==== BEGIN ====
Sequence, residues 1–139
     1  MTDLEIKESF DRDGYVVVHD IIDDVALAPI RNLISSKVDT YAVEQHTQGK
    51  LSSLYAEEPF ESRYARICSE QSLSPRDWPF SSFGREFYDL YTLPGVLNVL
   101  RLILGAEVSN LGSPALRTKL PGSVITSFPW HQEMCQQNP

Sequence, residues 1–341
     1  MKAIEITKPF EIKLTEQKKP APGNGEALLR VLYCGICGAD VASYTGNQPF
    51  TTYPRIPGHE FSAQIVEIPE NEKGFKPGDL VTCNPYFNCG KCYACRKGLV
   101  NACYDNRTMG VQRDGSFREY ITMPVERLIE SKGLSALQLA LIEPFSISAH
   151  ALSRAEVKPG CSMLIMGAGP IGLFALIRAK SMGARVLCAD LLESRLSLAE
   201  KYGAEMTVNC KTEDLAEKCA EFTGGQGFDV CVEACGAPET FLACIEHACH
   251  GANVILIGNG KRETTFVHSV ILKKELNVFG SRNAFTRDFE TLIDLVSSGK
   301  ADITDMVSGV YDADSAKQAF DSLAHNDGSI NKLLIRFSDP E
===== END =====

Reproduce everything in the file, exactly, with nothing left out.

Sequence, residues 1–139
     1  MTDLEIKESF DRDGYVVVHD IIDDVALAPI RNLISSKVDT YAVEQHTQGK
    51  LSSLYAEEPF ESRYARICSE QSLSPRDWPF SSFGREFYDL YTLPGVLNVL
   101  RLILGAEVSN LGSPALRTKL PGSVITSFPW HQEMCQQNP

Sequence, residues 1–341
     1  MKAIEITKPF EIKLTEQKKP APGNGEALLR VLYCGICGAD VASYTGNQPF
    51  TTYPRIPGHE FSAQIVEIPE NEKGFKPGDL VTCNPYFNCG KCYACRKGLV
   101  NACYDNRTMG VQRDGSFREY ITMPVERLIE SKGLSALQLA LIEPFSISAH
   151  ALSRAEVKPG CSMLIMGAGP IGLFALIRAK SMGARVLCAD LLESRLSLAE
   201  KYGAEMTVNC KTEDLAEKCA EFTGGQGFDV CVEACGAPET FLACIEHACH
   251  GANVILIGNG KRETTFVHSV ILKKELNVFG SRNAFTRDFE TLIDLVSSGK
   301  ADITDMVSGV YDADSAKQAF DSLAHNDGSI NKLLIRFSDP E